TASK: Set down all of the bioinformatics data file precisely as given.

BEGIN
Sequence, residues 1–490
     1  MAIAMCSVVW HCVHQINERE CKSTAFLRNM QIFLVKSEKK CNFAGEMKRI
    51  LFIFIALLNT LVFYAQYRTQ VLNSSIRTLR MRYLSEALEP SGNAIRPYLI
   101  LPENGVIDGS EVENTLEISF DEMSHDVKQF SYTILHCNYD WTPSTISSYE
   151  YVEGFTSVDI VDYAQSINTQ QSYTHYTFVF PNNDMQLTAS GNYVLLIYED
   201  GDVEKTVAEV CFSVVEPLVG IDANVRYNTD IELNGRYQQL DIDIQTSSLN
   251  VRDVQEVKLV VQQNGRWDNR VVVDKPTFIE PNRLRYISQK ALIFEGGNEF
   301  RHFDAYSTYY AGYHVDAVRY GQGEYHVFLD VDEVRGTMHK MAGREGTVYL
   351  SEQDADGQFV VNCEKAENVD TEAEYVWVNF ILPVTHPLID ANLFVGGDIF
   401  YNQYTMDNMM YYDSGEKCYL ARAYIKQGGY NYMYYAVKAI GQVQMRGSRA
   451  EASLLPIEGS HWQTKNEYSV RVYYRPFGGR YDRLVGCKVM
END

Sequence, residues 1–490
     1  MAIAMCSVVW HCVHQINERE CKSTAFLRNM QIFLVKSEKK CNFAGEMKRI
    51  LFIFIALLNT LVFYAQYRTQ VLNSSIRTLR MRYLSEALEP SGNAIRPYLI
   101  LPENGVIDGS EVENTLEISF DEMSHDVKQF SYTILHCNYD WTPSTISSYE
   151  YVEGFTSVDI VDYAQSINTQ QSYTHYTFVF PNNDMQLTAS GNYVLLIYED
   201  GDVEKTVAEV CFSVVEPLVG IDANVRYNTD IELNGRYQQL DIDIQTSSLN
   251  VRDVQEVKLV VQQNGRWDNR VVVDKPTFIE PNRLRYISQK ALIFEGGNEF
   301  RHFDAYSTYY AGYHVDAVRY GQGEYHVFLD VDEVRGTMHK MAGREGTVYL
   351  SEQDADGQFV VNCEKAENVD TEAEYVWVNF ILPVTHPLID ANLFVGGDIF
   401  YNQYTMDNMM YYDSGEKCYL ARAYIKQGGY NYMYYAVKAI GQVQMRGSRA
   451  EASLLPIEGS HWQTKNEYSV RVYYRPFGGR YDRLVGCKVM